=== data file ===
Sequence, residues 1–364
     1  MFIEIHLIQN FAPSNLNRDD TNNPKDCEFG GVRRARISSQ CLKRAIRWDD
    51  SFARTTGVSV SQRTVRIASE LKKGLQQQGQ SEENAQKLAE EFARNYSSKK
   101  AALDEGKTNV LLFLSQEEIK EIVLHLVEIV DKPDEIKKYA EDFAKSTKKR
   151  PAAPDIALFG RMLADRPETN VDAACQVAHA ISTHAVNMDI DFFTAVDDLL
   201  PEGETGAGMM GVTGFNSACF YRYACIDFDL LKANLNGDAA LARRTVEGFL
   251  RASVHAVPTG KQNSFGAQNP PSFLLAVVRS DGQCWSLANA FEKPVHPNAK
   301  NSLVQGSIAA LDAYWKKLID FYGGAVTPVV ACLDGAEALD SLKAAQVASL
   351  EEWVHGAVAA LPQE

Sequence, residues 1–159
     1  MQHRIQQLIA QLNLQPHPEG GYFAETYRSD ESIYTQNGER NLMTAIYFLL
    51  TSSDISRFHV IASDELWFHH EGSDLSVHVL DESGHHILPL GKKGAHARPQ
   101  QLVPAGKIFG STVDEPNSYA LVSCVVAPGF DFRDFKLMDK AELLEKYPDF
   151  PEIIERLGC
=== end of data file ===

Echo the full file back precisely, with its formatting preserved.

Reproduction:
Sequence, residues 1–364
     1  MFIEIHLIQN FAPSNLNRDD TNNPKDCEFG GVRRARISSQ CLKRAIRWDD
    51  SFARTTGVSV SQRTVRIASE LKKGLQQQGQ SEENAQKLAE EFARNYSSKK
   101  AALDEGKTNV LLFLSQEEIK EIVLHLVEIV DKPDEIKKYA EDFAKSTKKR
   151  PAAPDIALFG RMLADRPETN VDAACQVAHA ISTHAVNMDI DFFTAVDDLL
   201  PEGETGAGMM GVTGFNSACF YRYACIDFDL LKANLNGDAA LARRTVEGFL
   251  RASVHAVPTG KQNSFGAQNP PSFLLAVVRS DGQCWSLANA FEKPVHPNAK
   301  NSLVQGSIAA LDAYWKKLID FYGGAVTPVV ACLDGAEALD SLKAAQVASL
   351  EEWVHGAVAA LPQE

Sequence, residues 1–159
     1  MQHRIQQLIA QLNLQPHPEG GYFAETYRSD ESIYTQNGER NLMTAIYFLL
    51  TSSDISRFHV IASDELWFHH EGSDLSVHVL DESGHHILPL GKKGAHARPQ
   101  QLVPAGKIFG STVDEPNSYA LVSCVVAPGF DFRDFKLMDK AELLEKYPDF
   151  PEIIERLGC